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Advances in Induced Pluripotent Stem Cell Technologies

Stem Cells International
Hindawi Publishing Corporation (Sage-Hindawi Access to Research)
Publication Date
DOI: 10.1155/2012/850201
  • Editorial
  • Computer Science
  • Medicine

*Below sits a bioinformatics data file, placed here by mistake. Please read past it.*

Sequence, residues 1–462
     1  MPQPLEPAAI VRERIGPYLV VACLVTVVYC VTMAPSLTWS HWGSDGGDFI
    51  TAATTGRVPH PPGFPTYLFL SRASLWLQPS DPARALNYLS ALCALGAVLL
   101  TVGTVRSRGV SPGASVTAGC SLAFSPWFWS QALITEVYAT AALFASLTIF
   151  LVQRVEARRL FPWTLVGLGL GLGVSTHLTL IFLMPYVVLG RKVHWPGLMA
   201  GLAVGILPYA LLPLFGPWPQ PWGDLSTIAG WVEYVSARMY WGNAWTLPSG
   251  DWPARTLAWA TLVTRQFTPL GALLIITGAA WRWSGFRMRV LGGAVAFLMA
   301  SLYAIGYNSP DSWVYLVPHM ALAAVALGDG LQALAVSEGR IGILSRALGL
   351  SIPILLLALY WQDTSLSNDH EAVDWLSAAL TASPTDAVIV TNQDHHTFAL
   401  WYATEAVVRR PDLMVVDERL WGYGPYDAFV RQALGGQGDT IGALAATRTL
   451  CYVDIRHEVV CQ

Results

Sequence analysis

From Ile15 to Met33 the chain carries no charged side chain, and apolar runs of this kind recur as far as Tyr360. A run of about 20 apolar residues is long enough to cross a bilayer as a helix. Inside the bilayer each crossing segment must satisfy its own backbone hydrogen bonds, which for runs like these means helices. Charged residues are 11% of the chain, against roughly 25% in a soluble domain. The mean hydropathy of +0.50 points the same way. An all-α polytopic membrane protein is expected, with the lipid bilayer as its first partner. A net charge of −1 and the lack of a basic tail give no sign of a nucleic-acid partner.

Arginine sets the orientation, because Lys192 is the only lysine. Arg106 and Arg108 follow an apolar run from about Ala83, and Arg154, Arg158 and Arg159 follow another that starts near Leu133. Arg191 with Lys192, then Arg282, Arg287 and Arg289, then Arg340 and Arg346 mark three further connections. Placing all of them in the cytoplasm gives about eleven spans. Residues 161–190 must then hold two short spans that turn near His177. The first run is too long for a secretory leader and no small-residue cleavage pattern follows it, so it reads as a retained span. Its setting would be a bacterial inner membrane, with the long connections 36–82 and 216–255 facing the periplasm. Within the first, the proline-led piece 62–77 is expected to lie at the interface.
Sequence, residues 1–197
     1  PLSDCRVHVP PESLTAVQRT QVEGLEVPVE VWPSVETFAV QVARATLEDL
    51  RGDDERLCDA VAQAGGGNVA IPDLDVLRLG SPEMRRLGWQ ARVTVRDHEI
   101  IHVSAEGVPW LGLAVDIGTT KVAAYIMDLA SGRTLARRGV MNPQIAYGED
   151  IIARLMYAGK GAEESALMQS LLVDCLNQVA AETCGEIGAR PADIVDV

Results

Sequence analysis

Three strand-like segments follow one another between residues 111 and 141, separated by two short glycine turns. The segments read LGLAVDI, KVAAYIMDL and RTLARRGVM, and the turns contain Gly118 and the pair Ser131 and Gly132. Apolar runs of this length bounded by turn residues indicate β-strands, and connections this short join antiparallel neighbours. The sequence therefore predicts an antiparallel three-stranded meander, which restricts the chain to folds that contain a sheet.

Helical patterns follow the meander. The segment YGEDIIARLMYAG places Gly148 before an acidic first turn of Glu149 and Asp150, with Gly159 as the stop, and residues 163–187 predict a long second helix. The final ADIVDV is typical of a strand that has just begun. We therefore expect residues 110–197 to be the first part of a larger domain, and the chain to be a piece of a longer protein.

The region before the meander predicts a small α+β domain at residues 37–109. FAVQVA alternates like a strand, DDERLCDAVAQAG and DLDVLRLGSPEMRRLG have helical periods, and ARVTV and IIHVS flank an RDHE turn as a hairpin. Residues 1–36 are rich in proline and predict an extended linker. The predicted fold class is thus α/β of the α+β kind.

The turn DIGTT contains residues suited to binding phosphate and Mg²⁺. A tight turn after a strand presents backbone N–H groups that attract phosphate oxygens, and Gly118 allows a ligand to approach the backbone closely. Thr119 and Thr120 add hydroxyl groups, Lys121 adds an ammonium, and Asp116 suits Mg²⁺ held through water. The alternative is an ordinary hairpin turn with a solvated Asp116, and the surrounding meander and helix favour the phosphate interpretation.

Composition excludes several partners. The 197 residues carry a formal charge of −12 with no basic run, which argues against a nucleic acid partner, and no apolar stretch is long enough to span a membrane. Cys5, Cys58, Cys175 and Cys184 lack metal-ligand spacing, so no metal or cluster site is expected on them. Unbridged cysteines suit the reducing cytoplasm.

Hindawi Publishing Corporation Stem Cells International Volume 2012, Article ID 850201, 1 page doi:10.1155/2012/850201 Editorial Advances in Induced Pluripotent Stem Cell Technologies Rajarshi Pal,1 Mahendra Rao,2 Mohan C. Vemuri,3 Paul Verma,4 and Andras Dinnyes5 1 Manipal Institute of Regenerative Medicine, Manipal University Branch Campus, Bangalore 560 071, India 2 NIH Center for Regenerative Medicine, Bethesda, MD 20892, USA 3 Life Technologies, Frederick, MD 21704, USA 4 Centre for Reproduction and Development, Monash Institute of Medical Research, Monash University, Clayton, VIC 33168, Australia 5 BioTalentum Ltd., Godollo 2100, Hungary Correspondence should be addressed to Rajarshi Pal, [email protected] Received 5 April 2012; Accepted 5 April 2012 Copyright © 2012 Rajarshi Pal et al. This is an open access article distributed under the Creative Commons Attribution License, which permits unrestricted use, distribution, and reproduction in any medium, provided the original work is properly cited. Progress in studying induced pluripotent stem cell (iPSC) has been extremely rapid. Ever since the remarkable dis- covery of iPSCs by Takahashi and Yamanaka, the field has continued to evolve with exciting discoveries furthering our understanding of early development, the process of cellular reprogramming, acquisition and maintenance of pluripo- tency, determination of cell fate, and enhancing our ability to model diseases in vitro. These advances and the possibility of generating patient or disease specific pluripotent cells placed the field on a trajectory that may lead to personalized cell therapy in the near future. Although there have been significant advances in iPSC- based research, significant challenges remain and these will need to be addressed before tangible outcomes can be realized. Such challenges include developing robust strate- gies to reprogram cells free of a viral/genetic foot print, resolving the immune and potential tumorigenicity issues,

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